We at BIPPS think there are some problems, and we have information to back up our concerns.

[Read more…]

Was the SAT ‘dumbed down?’

After finishing up on the Common Core State Standards project, a key writer of those standards moved on to take over the College Board, which creates the SAT college entrance test.

Critics of Common Core were quick to charge that the SAT would become watered down.

A new SAT was indeed created and came into use in March 2016.

So, were the Common Core critics right? Maybe so.

WKU Public Radio reports:

“The College Board, the group that administers the SAT, has redesigned the test. Due to the changes, the new minimum score for acceptance at WKU is a 1020. The accepted score on the old test was a 940.”

The article continues:

“The new required score will apply to students who took the SAT after March 1 of this year. The old score will continue to be accepted if students took the SAT prior to March 1.”

Complicating all of this are some comments I’ve heard that the entire scoring scale for the SAT was revised. It will be interesting to see if there has been a sudden rise in the proportion of students scoring higher on the new SAT, something I have not seen discussed, so far.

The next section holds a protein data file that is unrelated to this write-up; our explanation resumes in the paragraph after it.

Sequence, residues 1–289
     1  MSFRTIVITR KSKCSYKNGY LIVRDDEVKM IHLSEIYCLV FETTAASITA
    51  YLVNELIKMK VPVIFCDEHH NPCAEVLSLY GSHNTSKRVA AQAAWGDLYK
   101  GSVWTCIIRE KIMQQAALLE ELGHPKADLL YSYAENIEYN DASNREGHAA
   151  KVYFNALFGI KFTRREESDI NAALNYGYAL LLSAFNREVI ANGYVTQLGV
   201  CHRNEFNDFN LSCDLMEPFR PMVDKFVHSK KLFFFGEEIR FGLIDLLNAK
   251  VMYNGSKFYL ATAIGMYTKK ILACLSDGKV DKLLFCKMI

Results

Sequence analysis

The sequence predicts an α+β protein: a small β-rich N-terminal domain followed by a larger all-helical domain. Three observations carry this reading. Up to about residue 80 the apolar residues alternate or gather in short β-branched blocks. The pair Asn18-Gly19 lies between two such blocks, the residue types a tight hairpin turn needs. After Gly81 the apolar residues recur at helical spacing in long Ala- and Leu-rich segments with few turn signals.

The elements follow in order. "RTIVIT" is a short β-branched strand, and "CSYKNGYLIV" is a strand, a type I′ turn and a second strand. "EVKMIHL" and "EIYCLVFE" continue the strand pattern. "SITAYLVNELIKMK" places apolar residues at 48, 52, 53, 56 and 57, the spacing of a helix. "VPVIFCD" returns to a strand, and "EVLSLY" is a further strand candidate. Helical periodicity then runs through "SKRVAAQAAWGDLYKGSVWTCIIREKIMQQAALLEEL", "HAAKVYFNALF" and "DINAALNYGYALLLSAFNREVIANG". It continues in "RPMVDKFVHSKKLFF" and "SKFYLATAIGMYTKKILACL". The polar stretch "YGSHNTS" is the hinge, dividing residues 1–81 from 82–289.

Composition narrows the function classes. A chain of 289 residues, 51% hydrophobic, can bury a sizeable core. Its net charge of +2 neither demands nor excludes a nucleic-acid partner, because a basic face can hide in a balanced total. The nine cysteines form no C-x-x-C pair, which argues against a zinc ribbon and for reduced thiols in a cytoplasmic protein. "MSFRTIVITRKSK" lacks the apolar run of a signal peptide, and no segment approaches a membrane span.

In any event, WKU certainly doesn’t think an old SAT score is the same as one from the new SAT, and that is a fact.

Hear Dick Innes’ comments with 55KRC show host Brian Thomas

The producer from the Brian Thomas show provided us a recording of Dick’s interview yesterday about a new college entrance test called the Vector A.R.C. test, and here it is:

Vector A.R.C. stories

Regular readers know from an earlier blog that there was a beta test administration of the new Vector A.R.C. college entrance test during the recent home school conference in Cincinnati.

Now, Julie West at Vector A.R.C. shares reactions of some of the students who took the test. To put it mildly, there is a lot of insight present in these students’ responses. Keep in mind, all of these students have taken either the SAT or ACT as well as the Vector A.R.C. test.

Here are those stories.